Clodagh Hughes runs a sheep enterprise on the Monaghan/Louth border near Inniskeen- here is this week’s update:
There is a saying that ‘only for bad luck I’d have no luck at all’! Now, this is not entirely true, but it just about sums up the tone for this week on the farm.
I ended last week’s article with one very lame lamb but discovered another one 2 days later; I took her up to the ‘sick bay’ as it’s much easier to keep an eye on them and to administer any treatments.
This other lamb had a severely swollen hind hoof and it really looked as if it could burst, I was going to lance it but just wasn’t totally sure it would be the right thing to do so after bathing it and a short course of antibiotics with rest, she is much improved and is ready to return to her buddies.
Planned visit to vets
Unfortunately, my lamb with the hock injury has not improved and will be visiting the vet later today (Monday) as I am afraid it may be a fracture.
The swelling had reduced significantly and this allowed me to have a gentle feel of the joint, but on doing so I could feel an unnatural crinkle in the joint and she has not put any weight on it now for over a week. I will let you know the outcome next week.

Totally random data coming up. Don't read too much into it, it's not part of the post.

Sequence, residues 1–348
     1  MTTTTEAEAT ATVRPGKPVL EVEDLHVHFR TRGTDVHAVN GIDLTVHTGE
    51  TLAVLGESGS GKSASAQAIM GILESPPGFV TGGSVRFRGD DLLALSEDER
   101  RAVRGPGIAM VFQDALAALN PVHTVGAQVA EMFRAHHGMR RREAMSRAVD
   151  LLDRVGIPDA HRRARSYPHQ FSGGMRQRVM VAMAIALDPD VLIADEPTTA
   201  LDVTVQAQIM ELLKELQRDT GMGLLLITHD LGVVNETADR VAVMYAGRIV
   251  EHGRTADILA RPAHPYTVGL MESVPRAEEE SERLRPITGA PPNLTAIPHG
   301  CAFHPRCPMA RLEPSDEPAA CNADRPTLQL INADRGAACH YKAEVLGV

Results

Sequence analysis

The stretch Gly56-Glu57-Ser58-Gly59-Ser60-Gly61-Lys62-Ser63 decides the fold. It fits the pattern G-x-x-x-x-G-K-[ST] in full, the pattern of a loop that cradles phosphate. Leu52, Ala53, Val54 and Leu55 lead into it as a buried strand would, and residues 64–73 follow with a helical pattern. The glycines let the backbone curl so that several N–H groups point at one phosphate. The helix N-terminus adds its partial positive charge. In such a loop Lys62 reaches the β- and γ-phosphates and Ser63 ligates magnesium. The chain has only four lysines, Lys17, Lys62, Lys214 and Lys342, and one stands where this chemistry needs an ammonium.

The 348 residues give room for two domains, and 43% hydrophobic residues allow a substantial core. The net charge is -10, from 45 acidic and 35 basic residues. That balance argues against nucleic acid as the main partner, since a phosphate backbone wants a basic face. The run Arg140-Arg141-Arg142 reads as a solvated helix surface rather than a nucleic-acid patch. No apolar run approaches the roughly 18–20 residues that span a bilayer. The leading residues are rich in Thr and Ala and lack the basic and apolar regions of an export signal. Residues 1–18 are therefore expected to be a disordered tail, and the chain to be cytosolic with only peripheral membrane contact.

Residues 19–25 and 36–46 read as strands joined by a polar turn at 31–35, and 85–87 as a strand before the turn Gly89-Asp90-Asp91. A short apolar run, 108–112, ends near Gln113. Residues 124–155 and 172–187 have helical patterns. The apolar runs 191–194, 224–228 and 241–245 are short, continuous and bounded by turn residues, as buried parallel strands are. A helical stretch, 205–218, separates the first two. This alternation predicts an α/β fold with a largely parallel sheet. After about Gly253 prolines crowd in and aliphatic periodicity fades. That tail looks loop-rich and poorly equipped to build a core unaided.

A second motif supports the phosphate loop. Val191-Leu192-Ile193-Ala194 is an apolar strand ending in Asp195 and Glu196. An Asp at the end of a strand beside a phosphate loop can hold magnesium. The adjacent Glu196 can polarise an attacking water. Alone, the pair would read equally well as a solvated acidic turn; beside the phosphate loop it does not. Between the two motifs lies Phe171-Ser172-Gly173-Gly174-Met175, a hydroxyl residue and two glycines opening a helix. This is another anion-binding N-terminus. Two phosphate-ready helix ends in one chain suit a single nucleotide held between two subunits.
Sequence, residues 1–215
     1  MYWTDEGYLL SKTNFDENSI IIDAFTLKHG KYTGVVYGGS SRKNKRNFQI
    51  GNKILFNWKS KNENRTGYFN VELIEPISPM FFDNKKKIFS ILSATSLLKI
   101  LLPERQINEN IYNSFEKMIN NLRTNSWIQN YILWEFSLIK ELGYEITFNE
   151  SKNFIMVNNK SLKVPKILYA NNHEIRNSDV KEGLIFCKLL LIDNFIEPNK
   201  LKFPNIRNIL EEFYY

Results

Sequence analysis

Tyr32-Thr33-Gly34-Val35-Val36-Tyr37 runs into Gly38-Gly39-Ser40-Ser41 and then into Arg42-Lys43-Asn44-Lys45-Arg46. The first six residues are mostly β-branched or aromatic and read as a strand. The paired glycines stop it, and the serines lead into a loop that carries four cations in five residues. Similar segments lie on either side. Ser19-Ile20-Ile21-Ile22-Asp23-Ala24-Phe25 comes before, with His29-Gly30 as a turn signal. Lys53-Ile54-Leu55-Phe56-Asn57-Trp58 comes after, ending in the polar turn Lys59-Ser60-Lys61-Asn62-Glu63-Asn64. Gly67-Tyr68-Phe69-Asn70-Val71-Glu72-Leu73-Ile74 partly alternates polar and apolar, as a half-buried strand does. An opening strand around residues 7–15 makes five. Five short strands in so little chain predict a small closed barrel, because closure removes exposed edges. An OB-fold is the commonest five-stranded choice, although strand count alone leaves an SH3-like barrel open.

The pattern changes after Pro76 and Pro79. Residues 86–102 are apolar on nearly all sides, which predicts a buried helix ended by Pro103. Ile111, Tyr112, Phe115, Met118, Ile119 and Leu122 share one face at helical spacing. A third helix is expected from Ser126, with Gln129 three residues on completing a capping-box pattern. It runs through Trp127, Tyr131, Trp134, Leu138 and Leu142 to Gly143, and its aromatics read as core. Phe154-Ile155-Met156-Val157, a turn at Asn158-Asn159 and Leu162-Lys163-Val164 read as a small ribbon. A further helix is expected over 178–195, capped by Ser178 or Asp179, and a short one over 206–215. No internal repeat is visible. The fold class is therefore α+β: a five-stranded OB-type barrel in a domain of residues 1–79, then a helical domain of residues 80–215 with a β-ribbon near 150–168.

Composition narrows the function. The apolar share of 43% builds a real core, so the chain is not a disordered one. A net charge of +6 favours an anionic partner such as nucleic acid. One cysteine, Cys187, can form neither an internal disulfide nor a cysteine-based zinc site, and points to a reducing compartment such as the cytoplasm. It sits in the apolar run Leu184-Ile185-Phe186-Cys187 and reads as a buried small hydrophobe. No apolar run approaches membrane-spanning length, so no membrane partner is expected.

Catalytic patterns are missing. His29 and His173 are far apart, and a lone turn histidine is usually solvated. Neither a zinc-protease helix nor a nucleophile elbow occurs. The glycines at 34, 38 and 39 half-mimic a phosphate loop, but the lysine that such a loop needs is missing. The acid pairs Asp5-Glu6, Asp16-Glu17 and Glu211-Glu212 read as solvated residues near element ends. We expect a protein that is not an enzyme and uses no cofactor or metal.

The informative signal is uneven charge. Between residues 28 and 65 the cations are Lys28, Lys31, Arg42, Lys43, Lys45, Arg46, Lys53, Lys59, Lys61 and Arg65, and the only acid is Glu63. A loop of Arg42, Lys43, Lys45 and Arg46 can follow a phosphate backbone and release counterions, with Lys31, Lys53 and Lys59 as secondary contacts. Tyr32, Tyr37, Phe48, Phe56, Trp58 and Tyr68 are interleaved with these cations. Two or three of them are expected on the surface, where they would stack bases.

As usual, I’m kicking myself for not getting the vet involved sooner but, this is a real battle of the conscience for farmers because you simply can’t run to the vet every single time an animal presents with an injury or an ailment.
As farmers, we will try everything in our own arsenal to help and heal the animal ourselves and a lot of the time you are successful with the patient making a full recovery.
My vets, McCourt & Murray in Carrickmacross, Co. Monaghan are brilliant, and they will always give you advice over the phone.
Incident involved large hunting dog
Sunday morning, I had fed and checked everyone, and all was calm.
2 hours later, my husband heard loud shots and dog barking coming from the farthest field where my lambs are.
We flew down and he chased a large hunting dog out of the field.
By this stage, all the lambs were huddled at the gate except for one lamb that had become separated and who I can only describe as being paralysed with fright.
I rang my vets and within 20 minutes we met him at the clinic. This lamb was literally dying from shock. The vet treated her for shock and within 10 minutes she was improving!
Part of a farmer’s job is to provide the best care to their livestock and it’s something most farmers take very seriously, so seriously that we’ll lose hours of sleep tending to a sick animal, spend money perhaps we shouldn’t and feel guilty if we’re away from the farm for long.
Therefore, incidents such as the above are unacceptable.